Three groups of scientists have independently identified two genetic variations in chromosome 15 as a major reason for developing lung cancer. They however hold differing opinion as to whether the variation causes the disease directly or by increasing addiction to cigarettes.

Their study is in sharp contrast to the popular notion that smoking is the major, if not the only reason behind lung cancer.

The M.D. Anderson Cancer Center team lead by Dr. Christopher Amos, Ph.D. (studied 5,778 persons with lung cancer and 4,831 controls, who were matched by smoking status) and the team at International Agency for Research on Cancer in Lyons, France, lead by Paul Brennan, Ph.D. (4,502 cases and 7,377 controls) found at best a modest association with smoking behavior.

On the other hand Dr. Kari Stefansson, M.D., of Iceland’s DeCODE Genetics, said he and his colleagues found a clear link with increased smoking and difficulty quitting, which in turn contributed to smoking-related diseases like lung cancer and peripheral artery disease.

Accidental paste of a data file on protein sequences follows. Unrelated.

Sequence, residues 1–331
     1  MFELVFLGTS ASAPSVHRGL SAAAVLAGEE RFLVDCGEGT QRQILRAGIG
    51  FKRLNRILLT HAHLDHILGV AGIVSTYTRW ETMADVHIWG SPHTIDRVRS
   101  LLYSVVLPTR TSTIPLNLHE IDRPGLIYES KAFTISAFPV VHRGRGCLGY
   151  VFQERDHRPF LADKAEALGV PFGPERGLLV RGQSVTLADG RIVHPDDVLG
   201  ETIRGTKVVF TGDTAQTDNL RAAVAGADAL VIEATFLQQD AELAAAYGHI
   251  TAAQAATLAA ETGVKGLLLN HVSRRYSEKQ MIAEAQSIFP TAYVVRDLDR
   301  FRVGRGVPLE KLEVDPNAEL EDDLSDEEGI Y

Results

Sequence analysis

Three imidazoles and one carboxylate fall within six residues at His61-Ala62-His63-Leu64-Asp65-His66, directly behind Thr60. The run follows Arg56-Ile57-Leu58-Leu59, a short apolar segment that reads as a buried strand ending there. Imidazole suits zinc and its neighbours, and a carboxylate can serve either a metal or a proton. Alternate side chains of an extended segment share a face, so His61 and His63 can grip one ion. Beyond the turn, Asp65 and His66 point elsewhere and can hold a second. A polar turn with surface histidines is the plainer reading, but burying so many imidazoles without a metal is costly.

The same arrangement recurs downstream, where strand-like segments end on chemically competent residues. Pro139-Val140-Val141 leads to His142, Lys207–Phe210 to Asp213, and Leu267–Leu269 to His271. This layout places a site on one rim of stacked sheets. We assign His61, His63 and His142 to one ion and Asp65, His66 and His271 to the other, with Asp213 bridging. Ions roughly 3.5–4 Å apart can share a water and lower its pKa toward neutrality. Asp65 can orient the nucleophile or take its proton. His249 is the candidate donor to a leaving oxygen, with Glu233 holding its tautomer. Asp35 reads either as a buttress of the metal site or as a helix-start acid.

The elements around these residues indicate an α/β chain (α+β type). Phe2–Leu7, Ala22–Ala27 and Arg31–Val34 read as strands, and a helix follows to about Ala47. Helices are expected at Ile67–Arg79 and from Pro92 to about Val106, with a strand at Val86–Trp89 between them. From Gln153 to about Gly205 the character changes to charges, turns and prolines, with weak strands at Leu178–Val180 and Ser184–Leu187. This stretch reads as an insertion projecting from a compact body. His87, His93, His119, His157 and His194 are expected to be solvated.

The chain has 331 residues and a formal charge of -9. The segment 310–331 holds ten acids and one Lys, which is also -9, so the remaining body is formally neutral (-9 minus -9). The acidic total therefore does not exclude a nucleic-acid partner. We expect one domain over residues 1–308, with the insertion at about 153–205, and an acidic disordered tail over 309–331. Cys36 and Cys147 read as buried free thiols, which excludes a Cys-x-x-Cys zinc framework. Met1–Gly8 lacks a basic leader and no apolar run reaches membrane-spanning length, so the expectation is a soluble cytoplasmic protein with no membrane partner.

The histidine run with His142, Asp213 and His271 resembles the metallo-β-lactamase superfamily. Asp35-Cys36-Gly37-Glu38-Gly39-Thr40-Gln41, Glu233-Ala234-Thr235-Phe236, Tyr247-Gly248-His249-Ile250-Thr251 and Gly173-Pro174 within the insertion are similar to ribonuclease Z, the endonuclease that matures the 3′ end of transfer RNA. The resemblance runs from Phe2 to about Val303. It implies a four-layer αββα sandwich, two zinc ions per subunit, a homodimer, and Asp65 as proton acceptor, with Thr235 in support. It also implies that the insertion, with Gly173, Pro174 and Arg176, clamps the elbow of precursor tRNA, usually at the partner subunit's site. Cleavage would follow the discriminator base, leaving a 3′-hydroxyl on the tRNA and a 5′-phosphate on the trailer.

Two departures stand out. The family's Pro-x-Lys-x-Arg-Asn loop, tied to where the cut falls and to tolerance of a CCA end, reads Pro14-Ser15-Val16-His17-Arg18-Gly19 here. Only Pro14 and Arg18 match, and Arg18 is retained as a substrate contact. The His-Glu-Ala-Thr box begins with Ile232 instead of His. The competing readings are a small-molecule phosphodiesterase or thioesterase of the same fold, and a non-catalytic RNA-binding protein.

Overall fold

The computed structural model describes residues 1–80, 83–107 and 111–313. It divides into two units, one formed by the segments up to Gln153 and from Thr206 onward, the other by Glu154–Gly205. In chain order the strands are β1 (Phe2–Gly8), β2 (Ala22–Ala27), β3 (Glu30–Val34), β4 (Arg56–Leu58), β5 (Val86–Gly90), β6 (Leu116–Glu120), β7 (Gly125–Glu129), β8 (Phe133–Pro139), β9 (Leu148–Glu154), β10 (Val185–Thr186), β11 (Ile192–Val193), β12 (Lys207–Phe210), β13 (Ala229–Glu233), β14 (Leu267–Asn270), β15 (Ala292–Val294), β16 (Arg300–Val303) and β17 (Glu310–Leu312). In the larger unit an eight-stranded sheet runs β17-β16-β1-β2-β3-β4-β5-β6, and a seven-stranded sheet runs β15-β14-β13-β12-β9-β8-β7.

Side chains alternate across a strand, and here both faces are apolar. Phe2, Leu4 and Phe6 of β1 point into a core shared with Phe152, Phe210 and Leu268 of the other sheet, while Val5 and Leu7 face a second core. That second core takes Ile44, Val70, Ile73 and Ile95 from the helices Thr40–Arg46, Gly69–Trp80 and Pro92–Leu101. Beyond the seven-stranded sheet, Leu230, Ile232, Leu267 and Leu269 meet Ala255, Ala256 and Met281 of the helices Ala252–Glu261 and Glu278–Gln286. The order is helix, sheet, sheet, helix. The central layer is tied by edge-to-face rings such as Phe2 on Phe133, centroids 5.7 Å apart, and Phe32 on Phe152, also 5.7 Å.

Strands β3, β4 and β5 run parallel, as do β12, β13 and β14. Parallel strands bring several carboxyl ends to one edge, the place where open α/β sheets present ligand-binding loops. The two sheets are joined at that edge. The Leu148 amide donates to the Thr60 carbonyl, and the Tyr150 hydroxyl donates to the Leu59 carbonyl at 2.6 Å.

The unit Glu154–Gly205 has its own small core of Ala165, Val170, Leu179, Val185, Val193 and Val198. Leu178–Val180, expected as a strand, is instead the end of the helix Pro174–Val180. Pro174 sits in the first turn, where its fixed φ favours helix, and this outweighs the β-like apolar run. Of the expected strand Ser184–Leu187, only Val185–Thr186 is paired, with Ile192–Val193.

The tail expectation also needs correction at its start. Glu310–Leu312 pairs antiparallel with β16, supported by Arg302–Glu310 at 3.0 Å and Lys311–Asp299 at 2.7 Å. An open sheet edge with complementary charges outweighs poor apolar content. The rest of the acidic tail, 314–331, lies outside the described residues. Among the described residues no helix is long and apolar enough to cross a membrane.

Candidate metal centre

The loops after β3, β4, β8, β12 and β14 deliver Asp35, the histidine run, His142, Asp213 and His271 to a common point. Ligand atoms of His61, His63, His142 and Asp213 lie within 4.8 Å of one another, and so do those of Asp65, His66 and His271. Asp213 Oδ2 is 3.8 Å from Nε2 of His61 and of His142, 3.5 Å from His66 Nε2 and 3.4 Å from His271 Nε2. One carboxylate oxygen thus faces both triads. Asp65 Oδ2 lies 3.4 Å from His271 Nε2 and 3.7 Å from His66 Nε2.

“The association is very solid, the P-values are vanishingly small, and the sample size that we are looking at was very large,” Dr. Stefansson said. The associations with lung cancer and peripheral artery disease were significant at P=1.5×10-8 and P=1.4×10-7, respectively. They had a large sample size of 13, 945 smokers.

What all researchers agree on is that a region on chromosome 15 contains genetic variants that are relatively common in the population and they are linked, directly or indirectly, to lung cancer.

Having one copy of the variant increases the risk of disease by about 30% and having two copies increases the risk by about 80%, the researchers said.
Source: Nature [www.nature.com/nature/journal/v452/n7187/abs/nature06846.html]